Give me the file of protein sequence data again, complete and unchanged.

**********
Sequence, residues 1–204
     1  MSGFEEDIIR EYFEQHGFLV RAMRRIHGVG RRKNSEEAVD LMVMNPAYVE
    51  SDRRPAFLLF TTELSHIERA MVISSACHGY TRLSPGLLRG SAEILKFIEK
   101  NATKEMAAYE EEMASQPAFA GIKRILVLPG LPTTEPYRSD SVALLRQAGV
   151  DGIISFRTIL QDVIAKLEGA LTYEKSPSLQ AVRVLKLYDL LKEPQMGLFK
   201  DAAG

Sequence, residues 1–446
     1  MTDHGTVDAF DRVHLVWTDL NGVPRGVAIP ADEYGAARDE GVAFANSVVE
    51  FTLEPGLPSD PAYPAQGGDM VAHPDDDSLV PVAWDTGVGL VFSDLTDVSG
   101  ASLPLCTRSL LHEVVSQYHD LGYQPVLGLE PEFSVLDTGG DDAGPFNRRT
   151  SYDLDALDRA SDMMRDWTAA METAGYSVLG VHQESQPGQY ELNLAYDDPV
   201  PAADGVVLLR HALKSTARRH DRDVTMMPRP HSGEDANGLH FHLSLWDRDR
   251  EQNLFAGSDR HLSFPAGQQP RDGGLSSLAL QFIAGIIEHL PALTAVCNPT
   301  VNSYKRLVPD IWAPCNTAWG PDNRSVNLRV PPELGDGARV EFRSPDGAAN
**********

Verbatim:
Sequence, residues 1–204
     1  MSGFEEDIIR EYFEQHGFLV RAMRRIHGVG RRKNSEEAVD LMVMNPAYVE
    51  SDRRPAFLLF TTELSHIERA MVISSACHGY TRLSPGLLRG SAEILKFIEK
   101  NATKEMAAYE EEMASQPAFA GIKRILVLPG LPTTEPYRSD SVALLRQAGV
   151  DGIISFRTIL QDVIAKLEGA LTYEKSPSLQ AVRVLKLYDL LKEPQMGLFK
   201  DAAG

Sequence, residues 1–446
     1  MTDHGTVDAF DRVHLVWTDL NGVPRGVAIP ADEYGAARDE GVAFANSVVE
    51  FTLEPGLPSD PAYPAQGGDM VAHPDDDSLV PVAWDTGVGL VFSDLTDVSG
   101  ASLPLCTRSL LHEVVSQYHD LGYQPVLGLE PEFSVLDTGG DDAGPFNRRT
   151  SYDLDALDRA SDMMRDWTAA METAGYSVLG VHQESQPGQY ELNLAYDDPV
   201  PAADGVVLLR HALKSTARRH DRDVTMMPRP HSGEDANGLH FHLSLWDRDR
   251  EQNLFAGSDR HLSFPAGQQP RDGGLSSLAL QFIAGIIEHL PALTAVCNPT
   301  VNSYKRLVPD IWAPCNTAWG PDNRSVNLRV PPELGDGARV EFRSPDGAAN